The double feature-maybe you've heard of them but have you ever been to one? I can think back to my boyhood when there were still double bills but they weren't the same as were the standard fare of Hollywood's classic era. Then the major studios had A-units who produced the quality products with stars, beautiful sets and stories we remember so well, but they also had the B-units, where everything was cheaper, the actors weren't stars (although these films helped the studio discover their talent and develop them into stars) and the stories were more formulaic. The B-picture helped round out the bill of a normal theater that, along with the studios' short features like travelogues, cartoons, and trailers, could make a typical trip to the movies last for four or five hours and offer a greater value for your 25 cent admission. After the classic era ended in the late 40s and studios sold off their theater chains, the studios got rid of their B-units as they sought to survive by making more expensive films that attracted a dwindling audience.

By the 1960's, the double-feature, like the animated short, was almost extinct, but a few appeared whenever the rare blockbuster appeared, such as Clint Eastwood's star-making spaghetti westerns, like A Fistful of Dollars and The Good, the Bad and the Ugly. I saw the latter film, paired with Clint's American western, Hang ‘Em High one night as a teen. My other memorable double feature was my introduction to James Bond, when Dr. No and Goldfinger were re-released to Bond-crazy fans to see again.

Although the term has endured, the experience of a double feature is likely one not known for generations by most who, in the age of home video, can watch triple features of the Star Wars films, or Star Trek, or the Terminator installments anytime they like. So when Pixar set aside two weeks, starting last Friday, to screen their modern classics Toy Story and Toy Story 2 in Disney Digital 3-D, it's a real cultural event. I went today with my fifteen year old son who recalled seeing the sequel film in theaters as one of his first movies at around 6 years old. We watched the clear, clean digitally projected image as films we'd seen several times came alive in a fresh way with the marvelous digital 3-D images that, though not originally designed for the process, of course, still looked very good in conversion to it.

The process does, as has been noted, darken the image somewhat in exchange for the three-dimensional illusion. A few times I lifted the special glasses I'd gotten with my ticket to notice how bright (and blurred with the stereoscopic effect) the screen was. A theater manager told me afterward that it was a digitally projected image, not a film reel that was being shown and it was fed from a hard-drive system which made each screening as pristine as the first. This, or something like it, is the future of theatrical film as exhibitors add digital projectors in the next few years.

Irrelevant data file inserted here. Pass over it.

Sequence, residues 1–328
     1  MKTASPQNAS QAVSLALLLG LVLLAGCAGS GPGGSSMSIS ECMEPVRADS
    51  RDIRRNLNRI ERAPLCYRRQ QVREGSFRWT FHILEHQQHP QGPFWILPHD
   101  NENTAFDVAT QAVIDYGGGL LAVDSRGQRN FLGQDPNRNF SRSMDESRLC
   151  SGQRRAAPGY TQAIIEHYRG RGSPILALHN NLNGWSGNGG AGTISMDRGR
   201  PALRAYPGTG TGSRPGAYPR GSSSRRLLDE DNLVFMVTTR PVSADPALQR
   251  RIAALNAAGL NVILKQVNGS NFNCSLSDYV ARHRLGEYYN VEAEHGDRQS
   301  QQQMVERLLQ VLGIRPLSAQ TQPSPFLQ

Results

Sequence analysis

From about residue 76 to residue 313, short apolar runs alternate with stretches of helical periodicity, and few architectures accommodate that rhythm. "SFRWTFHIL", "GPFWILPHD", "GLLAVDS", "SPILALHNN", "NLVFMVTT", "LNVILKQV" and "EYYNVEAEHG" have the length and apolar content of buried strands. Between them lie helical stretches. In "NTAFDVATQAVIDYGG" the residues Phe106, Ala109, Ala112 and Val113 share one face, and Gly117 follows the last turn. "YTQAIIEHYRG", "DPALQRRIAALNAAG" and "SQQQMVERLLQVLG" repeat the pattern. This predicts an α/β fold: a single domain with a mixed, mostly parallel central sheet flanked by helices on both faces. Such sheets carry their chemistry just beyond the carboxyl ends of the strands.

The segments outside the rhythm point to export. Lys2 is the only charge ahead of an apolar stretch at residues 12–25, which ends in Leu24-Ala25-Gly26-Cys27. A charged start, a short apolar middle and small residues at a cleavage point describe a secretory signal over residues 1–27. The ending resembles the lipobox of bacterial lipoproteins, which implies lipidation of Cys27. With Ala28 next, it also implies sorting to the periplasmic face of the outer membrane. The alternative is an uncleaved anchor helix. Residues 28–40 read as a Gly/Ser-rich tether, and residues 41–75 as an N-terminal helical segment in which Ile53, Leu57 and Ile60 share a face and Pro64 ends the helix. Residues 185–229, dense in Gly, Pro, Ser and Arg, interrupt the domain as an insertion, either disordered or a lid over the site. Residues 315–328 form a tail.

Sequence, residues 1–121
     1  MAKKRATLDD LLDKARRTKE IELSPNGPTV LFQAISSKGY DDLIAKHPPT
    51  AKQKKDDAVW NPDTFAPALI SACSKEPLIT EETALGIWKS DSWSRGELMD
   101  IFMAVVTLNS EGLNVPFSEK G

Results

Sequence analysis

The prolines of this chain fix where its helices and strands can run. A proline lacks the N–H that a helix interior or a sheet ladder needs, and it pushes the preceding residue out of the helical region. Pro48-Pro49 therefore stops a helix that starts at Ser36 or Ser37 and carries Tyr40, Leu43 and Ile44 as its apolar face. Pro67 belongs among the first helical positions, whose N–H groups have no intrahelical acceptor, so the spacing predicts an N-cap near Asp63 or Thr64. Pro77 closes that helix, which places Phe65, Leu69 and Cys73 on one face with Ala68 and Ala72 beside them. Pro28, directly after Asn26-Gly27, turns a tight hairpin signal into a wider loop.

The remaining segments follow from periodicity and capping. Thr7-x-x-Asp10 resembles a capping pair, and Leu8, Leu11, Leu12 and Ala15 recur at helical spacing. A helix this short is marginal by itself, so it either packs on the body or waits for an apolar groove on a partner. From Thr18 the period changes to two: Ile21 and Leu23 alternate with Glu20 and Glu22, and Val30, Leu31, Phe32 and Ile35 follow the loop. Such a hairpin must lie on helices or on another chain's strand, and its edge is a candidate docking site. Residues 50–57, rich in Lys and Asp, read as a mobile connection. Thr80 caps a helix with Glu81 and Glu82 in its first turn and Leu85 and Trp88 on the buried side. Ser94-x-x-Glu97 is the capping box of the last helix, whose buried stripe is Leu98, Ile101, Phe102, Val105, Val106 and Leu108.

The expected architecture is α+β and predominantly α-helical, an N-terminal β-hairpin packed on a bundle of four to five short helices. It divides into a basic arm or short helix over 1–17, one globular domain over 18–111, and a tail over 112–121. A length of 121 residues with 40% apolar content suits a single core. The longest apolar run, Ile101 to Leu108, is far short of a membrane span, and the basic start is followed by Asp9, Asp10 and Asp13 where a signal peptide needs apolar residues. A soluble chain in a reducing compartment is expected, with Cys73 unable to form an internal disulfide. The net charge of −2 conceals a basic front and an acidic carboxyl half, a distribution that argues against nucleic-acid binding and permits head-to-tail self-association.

Part of the growth of 3-D in theaters is the search for something that will attract audiences to theaters that they can't get elsewhere-and though this was tried in the fifties, it meant wearing the famous green and red lensed cardboard glasses which strained eye muscles as it fooled them into the three-dimensional illusion, but it became associated with gimmicky onscreen actions aimed at the camera. It wasn't worth the trouble and studios stopped soon stopped.

Historically, this is part of the ongoing imperative to make the film experience ever more realistic-starting with fuzzy black and white and improving the image with better technology, then sound, color and so on, what French critic Andre Bazin called "the myth of total cinema," the idealistic notion of a perfected moving image. 3-D of course adds the third dimension of depth but everyone knows that a good film doesn't really require it if you care about the characters and story. It's just a little something extra to add value to the theatrical experience. But with the coming of new digital projectors which will eliminate reels of film, 3-D is an added bonus and it's a better process than the old days-for certain mainstream audience-leasers, like Disney's upcoming CGI version of A Christmas Carol with (shudder) Jim Carrey, it should prove a nice addition, but most other films won't need or benefit by it.

I don't know how long it will be before the new 3-D either loses its novelty, or on the other hand, some smart director figures out how to actually incorporate it into an artistic element of the story that truly deepens the aesthetic experience beyond the declining thrill of objects flying at the audience. But I'll take anything by Pixar in two or three dimensions because story and character are core and anything else is icing.

Posted by: Alex Wainer